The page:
He is currently completing a book on Berlin under Allied occupation. Research Director at the Zentrum für Zeithis- torische Forschung Potsdam. Ludwig-Maximilians- Universität Munich. 2008).x Notes on Contributors die Globalisierung (Frankfurt. 1997). 1998). New York. in trans. No Enchanted Palace: The End of Empire and the Ideological Origins of the United Nations (Princeton. 2011). 2010). Hitler’s Empire: Nazi Rule in Occupied Europe (London. Muslims and Jews. and (as co-editor) Demokratie im Schatten der Gewalt: Geschichten des Privaten im deutschen Nachkrieg (Göttingen. Daniel Roger Maul. 2008). Currently he is preparing a history of Africa since 1850. Inside Hitler’s Greece: The Experience of Occupation. Mikael Rask Madsen . Mark Mazower is Professor of History and Program Director of the Center for International History at Columbia University. He is currently working on a history of humanitarian interventions in the nineteenth century. The Politics of Sociability: Freemasonry and German Civil Society. 1993). Entwicklung und Dekolonisation – Die Internationale Arbeitsorganisation (IAO) 1940–1970 (Essen. London. 1991). 2007. forthcoming) and (as co-editor) Paradoxes of European Legal Integration (London. 1840–1918 (Ann Arbor. 1943–1960 (Princeton. Faculty of Law. He is currently completing a large research project on the rise and transformation of human rights in Europe since World War II. 2008). Researcher in the Department of History. Fabian Klose. 2004). 2007). and Networks of Power in Modern Greece (London. Lecturer in the Department of History. and Journal of African History (since 2005). forthcoming). and (as editor) The Policing of Politics in Historical Perspective (London. Salonica. 1750–1914 (Basingstoke and New York. 2009). Stefan-Ludwig Hoffmann. City of Ghosts: Christians. He is currently working on a history of ideas and institutions of international governance since 1815. He is currently working on a history of international relief in the twentieth century. After the War Was Over: Reconstructing the State. Die Dekolonisierungskriege in Kenia und Algerien 1945–1962 (Munich. Major publications include Civil Society. 1430–1950 (New York. His dissertation has been published as Menschenrechte im Schatten kolonialer Gewalt. Major publications include La genèse de l’Europe des droits de l’homme: Enjeux juridiques et stratégies d’Etat (1945–1970) (Strasbourg. Professor of European Law and Integration and Director of the Centre for Studies in Legal Culture (CRS). 2000). Major publications include Menschenrechte. 2009). 2006). Geschichte der Menschenrechte (Munich. . Justus-Liebig- Universität Gießen. Major publications include Greece and the Inter-War Economic Crisis (Oxford. 1941–1944 (New Haven. 2008). University of Copenhagen. Family and the Law in Greece. Dark Continent: Europe’s Twentieth Century (New York.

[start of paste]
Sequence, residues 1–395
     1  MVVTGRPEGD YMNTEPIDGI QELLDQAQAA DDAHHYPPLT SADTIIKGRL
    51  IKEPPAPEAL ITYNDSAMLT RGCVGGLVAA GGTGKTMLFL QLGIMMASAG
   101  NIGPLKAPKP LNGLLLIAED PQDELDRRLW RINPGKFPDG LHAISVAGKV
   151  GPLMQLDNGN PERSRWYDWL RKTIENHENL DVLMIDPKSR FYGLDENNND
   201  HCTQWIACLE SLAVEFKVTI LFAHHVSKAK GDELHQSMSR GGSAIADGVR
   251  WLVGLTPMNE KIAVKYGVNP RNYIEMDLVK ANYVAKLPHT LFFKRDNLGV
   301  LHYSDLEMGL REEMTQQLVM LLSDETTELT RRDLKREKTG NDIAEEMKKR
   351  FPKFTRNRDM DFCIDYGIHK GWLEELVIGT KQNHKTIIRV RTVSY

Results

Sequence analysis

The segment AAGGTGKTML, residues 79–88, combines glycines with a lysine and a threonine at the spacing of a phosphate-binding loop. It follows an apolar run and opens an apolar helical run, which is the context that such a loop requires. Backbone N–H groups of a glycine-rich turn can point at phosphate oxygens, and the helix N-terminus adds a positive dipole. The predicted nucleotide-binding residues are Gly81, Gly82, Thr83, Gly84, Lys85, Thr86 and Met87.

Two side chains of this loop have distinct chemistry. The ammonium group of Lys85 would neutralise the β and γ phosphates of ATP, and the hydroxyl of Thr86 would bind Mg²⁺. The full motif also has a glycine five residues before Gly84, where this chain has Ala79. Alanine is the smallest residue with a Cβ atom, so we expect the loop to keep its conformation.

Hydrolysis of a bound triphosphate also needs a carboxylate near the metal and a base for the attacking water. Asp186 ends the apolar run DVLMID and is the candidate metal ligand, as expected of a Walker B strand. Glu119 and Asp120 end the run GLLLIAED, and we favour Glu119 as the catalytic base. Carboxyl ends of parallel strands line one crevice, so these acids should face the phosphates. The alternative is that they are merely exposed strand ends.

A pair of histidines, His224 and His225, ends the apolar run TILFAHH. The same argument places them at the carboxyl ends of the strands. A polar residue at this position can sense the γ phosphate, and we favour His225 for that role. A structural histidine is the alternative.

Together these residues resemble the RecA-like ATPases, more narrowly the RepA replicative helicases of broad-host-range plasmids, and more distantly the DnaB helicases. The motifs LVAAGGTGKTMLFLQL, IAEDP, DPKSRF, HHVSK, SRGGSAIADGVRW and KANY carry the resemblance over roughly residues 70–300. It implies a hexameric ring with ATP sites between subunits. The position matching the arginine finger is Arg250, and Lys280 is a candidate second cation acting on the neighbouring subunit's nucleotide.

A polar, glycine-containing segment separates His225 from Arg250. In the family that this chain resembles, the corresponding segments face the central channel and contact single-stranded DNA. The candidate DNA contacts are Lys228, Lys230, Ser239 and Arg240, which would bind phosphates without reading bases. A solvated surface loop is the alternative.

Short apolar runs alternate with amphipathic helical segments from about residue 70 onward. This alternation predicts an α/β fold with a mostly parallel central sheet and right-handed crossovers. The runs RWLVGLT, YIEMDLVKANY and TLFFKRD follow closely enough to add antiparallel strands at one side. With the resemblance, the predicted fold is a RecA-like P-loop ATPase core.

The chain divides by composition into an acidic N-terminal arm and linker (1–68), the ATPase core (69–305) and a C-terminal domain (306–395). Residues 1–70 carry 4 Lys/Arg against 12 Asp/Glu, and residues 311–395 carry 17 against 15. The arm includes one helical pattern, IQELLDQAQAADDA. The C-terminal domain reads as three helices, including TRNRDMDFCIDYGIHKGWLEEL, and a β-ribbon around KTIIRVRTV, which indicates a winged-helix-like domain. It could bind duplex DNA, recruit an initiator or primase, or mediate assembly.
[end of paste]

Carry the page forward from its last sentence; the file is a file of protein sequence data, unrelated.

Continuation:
A New Theory of Politics: Claude Lefort and Company in Contemporary France. Ronald S. Occupation and Subaltern Resistance in World History (New York. Boston College. Genocide: Conquest. He is currently preparing a book on human rights. Associate Professor in the Department of History. Mass. 2001). 2006). and (as ed. with Dan Stone). Democracy Past and Future (New York. The Nation. The Last Utopia: Human Rights in History (Cambridge. Colony. Major publications include Origins of the Other: Emmanuel Levinas between Revelation and Ethics (Ithaca. . 2006). Samuel Moyn. She is currently working on two Australian Research Council–funded projects: a study of the twentieth century as the great age of internationalism. under contract with Princeton University Press. and (as co-author). 2005). with Donald Bloxham). Major publications include Beyond the Pale: The Jewish Encounter with Late Imperial Russia (Berkeley. Pendas. nationalism. Dirk Moses.Notes on Contributors xi A. 2010. Psychology. and cosmopolitanism at the Congress of Vienna. Colonialism and Genocide (London. Mass. Benjamin Nathans. 2008). 2000). 2007. He is currently in the process of writing a book. Major publications include The Problem of Trieste and the Italo-Yugoslav Border: Difference. Professor of International History. New York. Gendering European History (Leicester. and The Oxford Handbook of Genocide (Oxford. 2006). History and the Limits of the Law (Cambridge. and a book and Web site on women. with intro. A Holocaust Controversy: The Trebl- inka Affair in Postwar France (Waltham. 2008). University of Sydney. Major publications include German Intellectuals and the Nazi Past (New York. Florence. Genocide and the Terror of History and The Diplomacy of Genocide. 1963–1965: Genocide.) Pierre Rosanvallon. 2007). Department of History. 2002). Associate Professor of History. He is preparing two books. 2010). Identity and Sovereignty in Twentieth- Century Europe (Albany. legal thought. 2004). and (as editor) Genocide and Settler Society: Frontier Violence and Stolen Aboriginal Children in Australian History (New York. Empire... Palgrave Transnational History series. and International Politics. Professor of History at Columbia University. and dissent in the Soviet Union after Stalin. 1945–1955 (under contract with Cambridge University Press). and (as co-editor) Culture Front: Representing Jews in Eastern Europe (Philadelphia. He is currently preparing a book on Law and Democracy: Transitional Justice in German Courts. Glenda Sluga. University of Sydney. and Professor of Global and Colonial History at the European University Institute. 1870–1919 (Basingstoke. Devin O. Lauder Endowed Term Associate Professor of History. 2005). University of Pennsylvania. Major publications include The Frankfurt Auschwitz Trial.